This is a three-year full-time degree. The course includes a carefully chosen balance of core modules and optional modules. Modules are worth 10 or 20 credits and you need to earn 120 credits a year. The modules you choose in years one and two will inform the choices available to you later.
The modules shown are an example of the typical curriculum and will be reviewed prior to the 2023/2024 academic year. The final modules will be published by September 2023.
In Year One, your core modules will cover the foundation areas of Pure and Applied Mathematics. You're also able to choose between modules in Financial Mathematics, Statistics, Computing, and Operational Research.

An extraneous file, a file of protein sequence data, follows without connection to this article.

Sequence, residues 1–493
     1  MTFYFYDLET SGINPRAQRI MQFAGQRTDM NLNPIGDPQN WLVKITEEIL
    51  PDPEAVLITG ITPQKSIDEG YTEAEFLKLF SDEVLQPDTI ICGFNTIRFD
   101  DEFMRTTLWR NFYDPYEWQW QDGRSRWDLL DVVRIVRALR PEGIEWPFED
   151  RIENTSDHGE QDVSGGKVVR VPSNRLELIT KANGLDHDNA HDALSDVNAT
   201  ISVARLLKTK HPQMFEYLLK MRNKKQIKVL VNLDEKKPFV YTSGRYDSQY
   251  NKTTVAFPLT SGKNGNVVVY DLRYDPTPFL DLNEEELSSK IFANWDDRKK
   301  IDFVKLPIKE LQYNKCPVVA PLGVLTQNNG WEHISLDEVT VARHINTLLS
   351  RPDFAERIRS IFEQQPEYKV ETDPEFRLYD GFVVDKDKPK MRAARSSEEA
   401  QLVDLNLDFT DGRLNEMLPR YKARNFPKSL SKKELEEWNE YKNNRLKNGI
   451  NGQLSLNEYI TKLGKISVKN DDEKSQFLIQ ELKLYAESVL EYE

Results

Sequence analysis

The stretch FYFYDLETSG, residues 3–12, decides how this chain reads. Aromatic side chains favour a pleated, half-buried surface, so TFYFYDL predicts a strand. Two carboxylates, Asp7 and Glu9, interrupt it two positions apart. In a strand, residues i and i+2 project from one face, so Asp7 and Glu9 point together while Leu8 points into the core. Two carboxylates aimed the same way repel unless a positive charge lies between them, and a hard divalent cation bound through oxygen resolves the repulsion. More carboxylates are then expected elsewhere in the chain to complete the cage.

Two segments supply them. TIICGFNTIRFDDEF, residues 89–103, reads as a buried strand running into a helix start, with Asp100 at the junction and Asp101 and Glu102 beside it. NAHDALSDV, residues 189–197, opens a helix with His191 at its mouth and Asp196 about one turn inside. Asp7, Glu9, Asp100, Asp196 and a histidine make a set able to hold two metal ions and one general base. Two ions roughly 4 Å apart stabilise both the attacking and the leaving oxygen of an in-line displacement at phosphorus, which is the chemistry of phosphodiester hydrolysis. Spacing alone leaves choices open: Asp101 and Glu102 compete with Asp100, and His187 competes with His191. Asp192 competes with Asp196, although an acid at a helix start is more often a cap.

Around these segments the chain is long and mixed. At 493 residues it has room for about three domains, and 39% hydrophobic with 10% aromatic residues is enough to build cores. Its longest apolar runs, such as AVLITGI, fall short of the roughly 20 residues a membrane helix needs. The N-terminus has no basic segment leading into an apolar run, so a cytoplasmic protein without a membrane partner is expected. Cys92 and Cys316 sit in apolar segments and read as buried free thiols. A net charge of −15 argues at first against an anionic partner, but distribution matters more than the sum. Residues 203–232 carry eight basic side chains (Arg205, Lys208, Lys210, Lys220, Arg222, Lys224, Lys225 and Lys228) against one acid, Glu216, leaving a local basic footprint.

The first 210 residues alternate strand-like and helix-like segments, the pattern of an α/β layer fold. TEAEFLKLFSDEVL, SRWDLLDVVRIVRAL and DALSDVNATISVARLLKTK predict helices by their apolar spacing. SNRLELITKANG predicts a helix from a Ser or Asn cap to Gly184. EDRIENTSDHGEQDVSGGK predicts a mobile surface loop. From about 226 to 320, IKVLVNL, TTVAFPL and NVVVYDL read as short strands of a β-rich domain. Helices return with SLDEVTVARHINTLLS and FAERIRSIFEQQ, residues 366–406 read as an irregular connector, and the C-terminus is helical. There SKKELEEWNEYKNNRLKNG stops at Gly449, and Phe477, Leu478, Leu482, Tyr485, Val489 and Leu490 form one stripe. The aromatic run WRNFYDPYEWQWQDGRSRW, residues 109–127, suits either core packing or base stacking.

Much of year one is common to all of our degree schemes so transfer to another Math degree is normally possible.
You are required to pass all First Year modules and achieve an average of at least 50% to proceed to the application stage.
|Module title||Module code||Credits|
|Elementary Differential Equations||MA1001||10 credits|
|Computing for Mathematics||MA1003||20 credits|
|Foundations of Mathematics I||MA1005||20 credits|
|Foundations of Mathematics II||MA1006||20 credits|
|Linear Algebra I||MA1008||10 credits|
|Introduction to Probability Theory||MA1500||10 credits|
In Year Two, your core modules continue to build foundation knowledge in the areas of Calculus, Algebra, and Analysis. Alongside specialist Financial Mathematics modules, you will continue to broaden your knowledge of areas like Statistics and Operational Research.